Declaration of interest

All authors are requested to disclose any actual or potential conflict of interest including any financial, personal or other relationships with other people or organizations within three years of beginning the submitted work that could inappropriately influence, or be perceived to influence, their work. More information.

Submission declaration and verification

Submission of an article implies that the work described has not been published previously (except in the form of an abstract or as part of a published lecture or academic thesis or as an electronic preprint, see 'Multiple, redundant or concurrent publication' section of our ethics policy for more information), that it is not under consideration for publication elsewhere, that its publication is approved by all authors and tacitly or explicitly by the responsible authorities where the work was carried out, and that, if accepted, it will not be published elsewhere in the same form, in English or in any other language, including electronically without the written consent of the copyright-holder. To verify originality, your article may be checked by the originality detection service CrossCheck.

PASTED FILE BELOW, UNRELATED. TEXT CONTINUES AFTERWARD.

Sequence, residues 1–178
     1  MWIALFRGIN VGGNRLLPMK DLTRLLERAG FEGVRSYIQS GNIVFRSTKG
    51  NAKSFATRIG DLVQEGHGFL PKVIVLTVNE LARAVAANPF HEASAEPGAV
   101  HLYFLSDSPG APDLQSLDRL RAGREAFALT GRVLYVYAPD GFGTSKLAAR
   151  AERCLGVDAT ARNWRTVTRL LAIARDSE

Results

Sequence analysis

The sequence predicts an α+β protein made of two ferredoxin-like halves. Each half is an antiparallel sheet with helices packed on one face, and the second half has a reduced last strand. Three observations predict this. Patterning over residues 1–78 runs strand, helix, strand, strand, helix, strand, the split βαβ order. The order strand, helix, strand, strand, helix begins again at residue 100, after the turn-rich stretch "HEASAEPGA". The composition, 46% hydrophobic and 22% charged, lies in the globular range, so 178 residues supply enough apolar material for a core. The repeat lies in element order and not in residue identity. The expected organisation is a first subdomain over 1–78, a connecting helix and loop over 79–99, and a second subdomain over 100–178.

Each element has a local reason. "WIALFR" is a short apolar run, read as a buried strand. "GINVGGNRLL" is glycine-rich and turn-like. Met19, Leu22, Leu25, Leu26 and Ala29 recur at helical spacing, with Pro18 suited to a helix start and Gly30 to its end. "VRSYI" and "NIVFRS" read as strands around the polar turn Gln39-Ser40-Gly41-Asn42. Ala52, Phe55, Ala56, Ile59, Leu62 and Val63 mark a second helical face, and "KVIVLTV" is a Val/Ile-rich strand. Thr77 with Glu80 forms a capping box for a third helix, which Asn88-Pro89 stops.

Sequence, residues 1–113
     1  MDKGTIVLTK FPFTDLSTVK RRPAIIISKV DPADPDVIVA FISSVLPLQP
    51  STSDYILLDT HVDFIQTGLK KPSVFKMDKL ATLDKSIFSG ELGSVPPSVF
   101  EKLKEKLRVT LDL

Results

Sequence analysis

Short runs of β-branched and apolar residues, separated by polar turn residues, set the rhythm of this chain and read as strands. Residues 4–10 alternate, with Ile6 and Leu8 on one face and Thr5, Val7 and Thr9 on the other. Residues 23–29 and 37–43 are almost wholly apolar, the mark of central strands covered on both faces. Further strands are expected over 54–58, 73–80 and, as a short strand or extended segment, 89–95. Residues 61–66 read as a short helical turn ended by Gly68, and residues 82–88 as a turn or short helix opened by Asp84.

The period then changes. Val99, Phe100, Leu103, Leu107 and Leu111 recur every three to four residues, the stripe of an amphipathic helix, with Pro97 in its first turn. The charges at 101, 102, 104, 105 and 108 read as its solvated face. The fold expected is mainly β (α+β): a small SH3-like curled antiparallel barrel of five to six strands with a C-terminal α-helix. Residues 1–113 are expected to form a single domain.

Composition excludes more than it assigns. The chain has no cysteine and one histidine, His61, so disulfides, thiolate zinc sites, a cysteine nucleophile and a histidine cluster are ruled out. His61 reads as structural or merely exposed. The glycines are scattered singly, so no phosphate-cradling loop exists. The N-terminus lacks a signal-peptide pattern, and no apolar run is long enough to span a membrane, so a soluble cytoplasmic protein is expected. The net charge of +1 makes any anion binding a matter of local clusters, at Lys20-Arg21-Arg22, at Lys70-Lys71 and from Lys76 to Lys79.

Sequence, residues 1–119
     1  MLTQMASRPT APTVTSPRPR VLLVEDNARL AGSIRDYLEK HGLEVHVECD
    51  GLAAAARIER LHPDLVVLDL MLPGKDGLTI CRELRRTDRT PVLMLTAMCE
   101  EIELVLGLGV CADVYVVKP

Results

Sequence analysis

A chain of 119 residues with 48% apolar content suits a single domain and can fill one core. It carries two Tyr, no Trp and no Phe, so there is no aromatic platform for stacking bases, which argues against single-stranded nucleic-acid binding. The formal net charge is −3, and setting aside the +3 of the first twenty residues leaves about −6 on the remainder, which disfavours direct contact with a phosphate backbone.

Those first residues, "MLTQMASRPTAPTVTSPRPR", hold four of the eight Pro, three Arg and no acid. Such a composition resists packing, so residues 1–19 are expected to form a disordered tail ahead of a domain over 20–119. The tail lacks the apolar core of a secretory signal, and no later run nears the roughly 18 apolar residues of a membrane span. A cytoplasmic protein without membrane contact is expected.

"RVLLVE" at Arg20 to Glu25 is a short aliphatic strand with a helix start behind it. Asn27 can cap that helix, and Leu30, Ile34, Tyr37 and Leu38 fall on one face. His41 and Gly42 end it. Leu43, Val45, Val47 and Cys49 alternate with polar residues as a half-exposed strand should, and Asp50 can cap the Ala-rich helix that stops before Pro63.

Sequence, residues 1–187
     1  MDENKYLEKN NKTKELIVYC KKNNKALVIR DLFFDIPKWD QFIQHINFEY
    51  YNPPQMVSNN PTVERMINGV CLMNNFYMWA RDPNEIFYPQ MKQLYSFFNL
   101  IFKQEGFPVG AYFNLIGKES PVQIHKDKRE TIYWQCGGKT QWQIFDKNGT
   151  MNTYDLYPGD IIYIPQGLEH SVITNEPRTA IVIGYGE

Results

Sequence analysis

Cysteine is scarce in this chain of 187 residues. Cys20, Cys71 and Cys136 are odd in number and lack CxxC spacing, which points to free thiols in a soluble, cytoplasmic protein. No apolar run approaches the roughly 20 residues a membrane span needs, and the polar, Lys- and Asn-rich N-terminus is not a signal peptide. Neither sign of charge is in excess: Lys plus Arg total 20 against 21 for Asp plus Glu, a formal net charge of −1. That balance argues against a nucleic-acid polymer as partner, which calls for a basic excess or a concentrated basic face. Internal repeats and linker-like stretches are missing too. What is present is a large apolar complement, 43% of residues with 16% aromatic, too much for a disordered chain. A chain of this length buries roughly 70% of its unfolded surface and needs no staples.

Contributors

Each author is required to declare his or her individual contribution to the article: all authors must have materially participated in the research and/or article preparation, so roles for all authors should be described. The statement that all authors have approved the final article should be true and included in the disclosure.

Changes to authorship